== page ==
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French

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The Key to Success

At home:

  • Learning of vocabulary and frequent review of vocabulary after lessons
  • Reinforcement of grammar points
  • Regular revision of topics in a linear course
  • Prompt and thorough completion of homework
  • Being organised and equipped for the next lesson
  • Use of appropriate websites to consolidate learning: Duolingo, Languages Online, Linguascope
  • Reading of French texts, watching age-appropriate French films with subtitles
  • Use materials effectively: excellent textbook, GCSE speaking booklet, websites, online dictionary (Reverso recommended) but not translation services

At school

  • Regular attendance in lessons
  • Dialogue with teacher if there are concerns
  • A ‘can-do’ attitude – willingness to participate and engage in lessons
  • Good note-taking in class
  • Learning from mistakes, good proof-reading and correction of ‘unforced’ errors
  • Taking advantage of extra sessions in Year 11, either to support or extend
  • Borrowing library books – there is a good selection in the school library

Course content Year 10

Year 10 units 1-4 studio higher GSCE

The beginning of Year 10 is a revision of vocabulary and structures already known but with an emphasis already on gathering new vocabulary and structures.

CONTENT GRAMMAR
Unit 1: Identity and culture: family, friends
talking about friends and what makes a good friend; talking about family relationships; making arrangements to go out; describing a night out with friends; talking about your life when you were younger; discussing role models using irregular verbs in the present tense; reflexive verbs in present tense; near future tense; perfect tense; imperfect tense; combining present, perfect and imperfect tenses.
Unit 2 : Identity and culture: free time
talking about sport; talking about life online; books and reading; television programmes; cinema depuis + present tense; the comparative; imperfect tense; direct object pronouns; the superlative.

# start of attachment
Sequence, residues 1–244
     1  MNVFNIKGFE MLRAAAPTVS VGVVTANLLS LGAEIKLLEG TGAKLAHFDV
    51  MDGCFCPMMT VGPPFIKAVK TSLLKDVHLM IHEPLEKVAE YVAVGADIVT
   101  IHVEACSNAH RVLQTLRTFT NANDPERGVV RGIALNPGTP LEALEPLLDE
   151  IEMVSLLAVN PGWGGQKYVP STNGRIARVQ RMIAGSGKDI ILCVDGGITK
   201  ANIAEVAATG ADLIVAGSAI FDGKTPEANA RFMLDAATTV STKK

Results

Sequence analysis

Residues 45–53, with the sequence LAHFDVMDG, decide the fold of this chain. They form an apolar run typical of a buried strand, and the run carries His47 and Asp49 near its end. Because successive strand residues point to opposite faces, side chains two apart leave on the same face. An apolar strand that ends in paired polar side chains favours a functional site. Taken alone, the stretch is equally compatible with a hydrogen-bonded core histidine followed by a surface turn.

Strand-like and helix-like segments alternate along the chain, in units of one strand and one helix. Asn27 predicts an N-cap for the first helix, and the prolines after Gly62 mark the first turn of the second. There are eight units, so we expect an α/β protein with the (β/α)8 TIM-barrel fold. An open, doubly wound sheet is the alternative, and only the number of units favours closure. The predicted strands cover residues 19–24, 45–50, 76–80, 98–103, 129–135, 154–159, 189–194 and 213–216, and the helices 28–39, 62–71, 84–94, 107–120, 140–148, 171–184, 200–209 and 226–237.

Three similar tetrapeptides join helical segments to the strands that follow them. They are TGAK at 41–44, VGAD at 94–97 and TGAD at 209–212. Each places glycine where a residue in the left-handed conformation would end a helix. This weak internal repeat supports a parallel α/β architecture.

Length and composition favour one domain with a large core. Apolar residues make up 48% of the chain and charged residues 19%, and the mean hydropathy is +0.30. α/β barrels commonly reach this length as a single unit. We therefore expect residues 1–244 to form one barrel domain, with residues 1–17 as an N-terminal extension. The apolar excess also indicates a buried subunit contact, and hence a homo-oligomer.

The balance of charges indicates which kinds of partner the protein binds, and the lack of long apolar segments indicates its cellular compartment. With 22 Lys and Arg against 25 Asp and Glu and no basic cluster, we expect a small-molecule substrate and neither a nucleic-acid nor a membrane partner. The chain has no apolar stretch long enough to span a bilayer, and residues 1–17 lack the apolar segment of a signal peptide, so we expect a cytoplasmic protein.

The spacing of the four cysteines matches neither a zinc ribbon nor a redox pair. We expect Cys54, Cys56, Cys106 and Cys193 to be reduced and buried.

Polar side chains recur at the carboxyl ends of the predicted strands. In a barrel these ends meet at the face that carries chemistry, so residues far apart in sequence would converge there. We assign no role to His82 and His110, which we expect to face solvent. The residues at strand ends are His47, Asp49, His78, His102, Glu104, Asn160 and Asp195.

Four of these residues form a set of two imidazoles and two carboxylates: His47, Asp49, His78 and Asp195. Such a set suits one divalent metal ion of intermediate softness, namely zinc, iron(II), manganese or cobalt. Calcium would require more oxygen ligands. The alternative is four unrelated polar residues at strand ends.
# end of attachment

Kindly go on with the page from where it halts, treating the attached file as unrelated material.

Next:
Unit 3 : Identity and culture : daily routine, special events
describing daily life; food for special occasions; formal / informal register; family celebrations; festivals and traditions pouvoir and devoir (modals); the pronoun ‘en’; uses of ‘tu’ and ‘vous’ form; venir de + infinitive; combining tenses
Unit 4 : Local, national, international and global areas of interest : local area and issues
describing a region; talking about own town, village or district; discussing things to see or do; plans and weather; community projects the pronoun ‘y’; negatives; questions using ‘quel’ etc.; future tense; combining present, past and future tenses

Course Content Year 11

Year 11 units 5-8 studio for higher GCSE:

In Year 11 there will be more emphasis on more advanced topics and a continual review of topics from Year 10. Pupils will collect their answers in their GCSE booklet.

CONTENT GRAMMAR
Unit 5: Local, national, international and global areas of interest : holidays
talking about an ideal holiday; booking and reviewing hotels; ordering in a restaurant; talking about travelling; buying souvenirs; talking about holiday disasters the conditional; reflexive verbs in the perfect tense; en + present participle; avant de + infinitive; demonstrative adjectives and pronouns; pluperfect tense
Unit 6 : current and future study and employment: school; local, national, international and global areas of interest : healthy and unhealthy lifestyles; exchanges
talking about school; comparing schools in UK and francophone countries; school rules; healthy living; discussing vices; talking about a school exchange using ‘il’ and ‘elle’; using ‘ils’ and ‘elles’; ‘il faut’ and ‘il est interdit de’ ; the imperative ; present and future tenses ; past, present and future timeframes
Unit 7 : current and future study and employment: work
discussing career choices; plans hopes and wishes; applying for jobs; work case studies better, worse, best, worst; subjunctive; direct object pronouns; prepositions after verbs